Années de pèlerinage, première année: Suisse [selection]
Preludes: Book I – Des pas sur la neige; Ce qu’a vu le vent de l’ouest; La fille aux cheveux de lin
Ashley Wass (piano)
Reviewed by: Robert Matthew-Walker
Reviewed: 30 November, 2007
Venue: Wigmore Hall, London
It was heartening to see a relatively large audience turn out on a wet and windy night for this recital by Ashley Wass, part of which was to launch a new Naxos recording of piano music by William Alwyn (1905-85): on the strength of the performances with which Wass opened and closed his programme – two large-scale works by this composer – the record seems to be worth investigating.
Whether it is a good idea to devote so much of a Wigmore Hall recital to this purpose is another matter, for although Wass’s performance of Alwyn’s Twelve Preludes (1958) was surely all that the composer could have wished for, one has to doubt the wisdom of following these not unattractive pieces with five from Liszt’s First Book of the Years of Pilgrimage (Switzerland), which left the Alwyn set standing as works of art – utterly outclassed by the music of a compositional and pianistic genius, which the gifted Englishman (and I write as an admirer of his) was not.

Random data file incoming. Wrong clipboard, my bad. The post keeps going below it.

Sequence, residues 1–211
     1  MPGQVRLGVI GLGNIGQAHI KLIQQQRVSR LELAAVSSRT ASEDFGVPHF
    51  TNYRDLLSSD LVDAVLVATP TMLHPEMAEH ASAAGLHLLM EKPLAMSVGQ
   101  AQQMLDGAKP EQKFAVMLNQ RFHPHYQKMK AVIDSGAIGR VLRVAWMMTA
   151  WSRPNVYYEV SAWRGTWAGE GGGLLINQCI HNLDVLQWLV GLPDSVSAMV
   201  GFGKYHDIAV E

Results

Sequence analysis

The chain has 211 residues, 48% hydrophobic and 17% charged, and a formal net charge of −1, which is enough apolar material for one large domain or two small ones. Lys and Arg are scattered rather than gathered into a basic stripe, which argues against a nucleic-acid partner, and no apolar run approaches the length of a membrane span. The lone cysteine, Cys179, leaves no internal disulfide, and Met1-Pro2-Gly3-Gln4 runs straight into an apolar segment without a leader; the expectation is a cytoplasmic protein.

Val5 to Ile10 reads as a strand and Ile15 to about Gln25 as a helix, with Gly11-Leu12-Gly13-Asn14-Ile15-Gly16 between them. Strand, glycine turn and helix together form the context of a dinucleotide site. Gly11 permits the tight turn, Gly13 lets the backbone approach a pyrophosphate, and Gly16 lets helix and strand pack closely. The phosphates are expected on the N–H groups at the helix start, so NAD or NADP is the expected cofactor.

Wass’s performance of Liszt’s demanding music was outstanding in just about every regard – maybe he will record this as well – for in particular his combination of deep musicianship and stunning virtuosity revealed Liszt at his finest and most individual – so much so that one wished he had elected to play the complete set.
The second half opened with three Debussy Préludes – not at all inappropriate choices in a programme dominated by music confined essentially to Impressionism in its widest musical manifestations; in these pieces, Wass revealed more of his undoubted empathy. Alwyn’s Fantasy-Waltzes, ending the programme, were also overshadowed, this time by Debussy’s originality. The Fantasy-Waltzes make up about 30 minutes of music in 3/4 time – although not all are genuine waltzes as such – and once again the composer could not have hoped for a finer or more committed interpreter.
One hopes that for his next Wigmore Hall engagement – these are not given out willy-nilly – Ashley Wass will confine his programme solely to great music, of which he has proved himself to be such an admirable interpreter.